MATTHEWS:  If we leave now, cut and run, if you will, if we leave in ten years, what‘s going to change to stop that rivalry between the Sunni and the Shia in Iraq? 

OPPENHEIM:  Well, the vast—it depends on whether you believe in the possibility of reconciliation for groups like this.  And also, I mean...

MATTHEWS:  Has there been any reconciliation in these 1400 years you‘re talking about? 

OPPENHEIM:  Well, it depends on where you look.  You know, within middle-class society inside Iraq, during the era of Saddam Hussein, you had intermarriage between Sunnis And Shiites, you had commerce between them, you had a certain modus vivendi, they lived side by side.  Now granted, some of that, was based upon the fact that Saddam had, you know, his iron boot on the neck of the people. 

But there is a history of some co-existence.  And I think...

MATTHEWS:  Is there any history of peaceful co-existence without a tyranny on top of it, like Saddam Hussein?

OPPENHEIM:  Well, yes, I mean, most of the countries in the Arab world do have both Sunni and Shiite populations and they manage to get along.  And at a certain point, it becomes a question, can you live with this amount of bloodshed?  If you‘re a Sunni, if you‘re a Shiite, you have to look out your , and say, can I tolerate it?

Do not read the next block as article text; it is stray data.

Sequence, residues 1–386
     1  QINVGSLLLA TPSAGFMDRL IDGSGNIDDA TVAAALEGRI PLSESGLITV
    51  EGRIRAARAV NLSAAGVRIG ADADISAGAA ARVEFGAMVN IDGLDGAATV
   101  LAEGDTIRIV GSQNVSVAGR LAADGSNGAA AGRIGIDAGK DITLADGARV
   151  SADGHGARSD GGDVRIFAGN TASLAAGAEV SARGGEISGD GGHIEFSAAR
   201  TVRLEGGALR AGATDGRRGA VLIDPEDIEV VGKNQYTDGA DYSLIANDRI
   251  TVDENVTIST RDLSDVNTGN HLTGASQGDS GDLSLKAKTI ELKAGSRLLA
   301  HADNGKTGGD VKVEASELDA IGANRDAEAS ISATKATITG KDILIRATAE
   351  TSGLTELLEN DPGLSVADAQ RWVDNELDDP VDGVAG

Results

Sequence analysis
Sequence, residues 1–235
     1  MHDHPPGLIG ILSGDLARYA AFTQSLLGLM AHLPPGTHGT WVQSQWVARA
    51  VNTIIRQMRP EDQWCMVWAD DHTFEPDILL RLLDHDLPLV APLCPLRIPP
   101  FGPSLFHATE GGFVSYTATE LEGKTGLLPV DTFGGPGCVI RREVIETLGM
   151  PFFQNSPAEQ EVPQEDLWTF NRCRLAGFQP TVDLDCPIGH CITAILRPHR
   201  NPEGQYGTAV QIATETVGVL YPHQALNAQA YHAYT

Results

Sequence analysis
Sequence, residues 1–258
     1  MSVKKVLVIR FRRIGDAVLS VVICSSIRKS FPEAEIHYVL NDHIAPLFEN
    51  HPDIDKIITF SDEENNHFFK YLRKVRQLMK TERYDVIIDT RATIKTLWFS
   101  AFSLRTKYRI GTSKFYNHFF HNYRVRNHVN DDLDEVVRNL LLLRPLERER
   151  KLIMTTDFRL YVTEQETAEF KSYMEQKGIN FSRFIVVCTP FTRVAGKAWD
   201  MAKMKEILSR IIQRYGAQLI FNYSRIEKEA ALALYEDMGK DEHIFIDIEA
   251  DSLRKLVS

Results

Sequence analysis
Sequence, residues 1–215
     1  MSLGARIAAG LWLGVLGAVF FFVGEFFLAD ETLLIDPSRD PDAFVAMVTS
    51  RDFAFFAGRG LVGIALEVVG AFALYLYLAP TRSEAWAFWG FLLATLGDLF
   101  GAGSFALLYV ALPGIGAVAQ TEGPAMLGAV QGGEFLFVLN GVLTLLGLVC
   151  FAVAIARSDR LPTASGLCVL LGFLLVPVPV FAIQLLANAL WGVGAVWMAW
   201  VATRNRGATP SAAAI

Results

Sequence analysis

MATTHEWS:  Just to cause you trouble, Brown University today is talking about reparations in terms of affirmative action, in terms of studying the history of slavery, reparations—of course, the big question, when African-Americans were freed back after the Civil War, the African-American male never had much of a future, a lot of the women went to work, but the male was sort of set out there alone, and never really had a chance to sort of get started as an equal in this country.  He never got never not the 40 acres and the mule.  He never got reparations back then.  What is a reasonable approach—I know you talk about reconstruction in here—what is a reasonable approach right now to evening things out after all of these decades? 

OPPENHEIM:  Evening the educational opportunities for all.  I mean, if everybody went to the same quality of public high schools and people had access to private school through vouchers, and basically, in elementary school and high school, everyone had the same chances, then you wouldn‘t need even to make racial distinctions. 

MATTHEWS:  So you are a liberal on this issue?  Just teasing. 

“The Intellectual Devotional.”  I‘ve been reading it on the plane today from Iowa State.  I got to tell you, it does make you feel like you‘re catching up to all those dreams you‘re having—the nightmares about not being on top of things.  It‘s already on the list, it‘s a hot book.

Thank, Noah Oppenheim.

OPPENHEIM:  Thank you.

MATTHEWS:  The book‘s called, “The Intellectual Devotional”.

Right now it‘s time for Tucker.